The gender and development approach which women are advocating now is not concerned with women exclusively, but with the way in which gender relations allot specific roles, responsibilities and expectations between men and women, often to the detriment of women.
Many gallant women of Zambia who have gone before us and those still alive are able to tell a story of how women have fought their way through to be recognised as equal partners in development, especially in the country’s political arena – despite falling behind from achieving the Southern African Development Community (SADC) threshold of having 50 percent women representation in decision-making positions, of which Zambia is a signatory.
President Lungu is also the first President in Zambia’s history of politics to appoint a woman to hold the second highest office of the land as vice president (Inonge Wina), who has contributed to the development of this country in her own way.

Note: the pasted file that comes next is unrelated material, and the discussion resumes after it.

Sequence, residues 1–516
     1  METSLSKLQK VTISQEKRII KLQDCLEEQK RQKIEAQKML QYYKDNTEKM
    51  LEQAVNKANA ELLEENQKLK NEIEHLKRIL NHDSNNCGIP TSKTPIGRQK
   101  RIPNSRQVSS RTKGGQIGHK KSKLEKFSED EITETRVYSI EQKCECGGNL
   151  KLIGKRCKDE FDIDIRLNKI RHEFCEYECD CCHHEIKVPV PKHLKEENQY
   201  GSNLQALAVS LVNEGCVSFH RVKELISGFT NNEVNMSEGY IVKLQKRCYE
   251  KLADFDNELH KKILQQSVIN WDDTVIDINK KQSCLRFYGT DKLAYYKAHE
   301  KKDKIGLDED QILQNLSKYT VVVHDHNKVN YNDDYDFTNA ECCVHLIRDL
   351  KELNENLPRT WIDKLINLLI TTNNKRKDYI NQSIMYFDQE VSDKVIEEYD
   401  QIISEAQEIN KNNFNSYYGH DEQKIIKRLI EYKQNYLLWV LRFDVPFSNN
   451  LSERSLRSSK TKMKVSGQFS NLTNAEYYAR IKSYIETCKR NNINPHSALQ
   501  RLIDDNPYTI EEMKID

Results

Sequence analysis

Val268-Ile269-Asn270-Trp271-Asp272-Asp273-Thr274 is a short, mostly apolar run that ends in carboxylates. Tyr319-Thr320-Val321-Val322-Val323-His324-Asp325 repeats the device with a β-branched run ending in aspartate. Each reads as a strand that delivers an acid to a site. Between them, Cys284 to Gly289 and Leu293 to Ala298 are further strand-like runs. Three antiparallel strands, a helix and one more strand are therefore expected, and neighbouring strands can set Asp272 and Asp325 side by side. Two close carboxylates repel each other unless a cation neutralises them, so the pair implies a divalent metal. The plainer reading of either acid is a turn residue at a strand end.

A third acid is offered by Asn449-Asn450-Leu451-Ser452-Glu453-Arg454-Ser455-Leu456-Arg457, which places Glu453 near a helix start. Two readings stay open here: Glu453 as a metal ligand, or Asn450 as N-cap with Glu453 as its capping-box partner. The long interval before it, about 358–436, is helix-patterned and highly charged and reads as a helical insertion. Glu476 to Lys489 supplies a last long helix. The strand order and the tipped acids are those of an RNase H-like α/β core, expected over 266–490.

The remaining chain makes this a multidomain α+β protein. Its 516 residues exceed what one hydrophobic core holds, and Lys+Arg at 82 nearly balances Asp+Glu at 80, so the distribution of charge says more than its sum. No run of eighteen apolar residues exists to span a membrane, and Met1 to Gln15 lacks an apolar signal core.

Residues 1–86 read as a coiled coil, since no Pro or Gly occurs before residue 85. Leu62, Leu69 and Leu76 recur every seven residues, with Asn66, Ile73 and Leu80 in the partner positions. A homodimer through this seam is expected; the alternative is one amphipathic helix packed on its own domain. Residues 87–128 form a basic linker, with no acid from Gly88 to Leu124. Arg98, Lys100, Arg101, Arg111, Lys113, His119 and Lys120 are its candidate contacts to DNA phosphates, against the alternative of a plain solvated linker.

During his tenure in office, the President has exhibited his understanding and importance of having women in leadership positions. Many women have been appointed to higher offices of the land. To mention a few, the judiciary is one such institution which has benefited from the appointments in that it is being headed by a woman. Also, the recent ratification of nine judges to the High Court by parliament last week showed how women are being valued in the judicial system in that five women were appointed as judges.
It is, therefore, important to note that women’s participation in governance systems in Zambia is improving looking at a good number of top positions being held by women, although more still needs to be done.
From a general perspective, women face numerous obstacles in achieving participation in governance. Their participation has been limited by the assumption that women’s proper sphere is the private sphere as opposed to the public domain which is heavily dominated and contested for by men. The private sphere is associated with the family and a home. By relegating women to the private sphere, their ability to enter the political arena is curtailed.
Most women in Zambia shun engaging in politics because the path is rough for them and most political parties prefer to adopt men compared to women. Women were and are still perceived to be weaker opponents than men. This scenario would be reversed if political parties could adopt more women to run in the August 11 elections.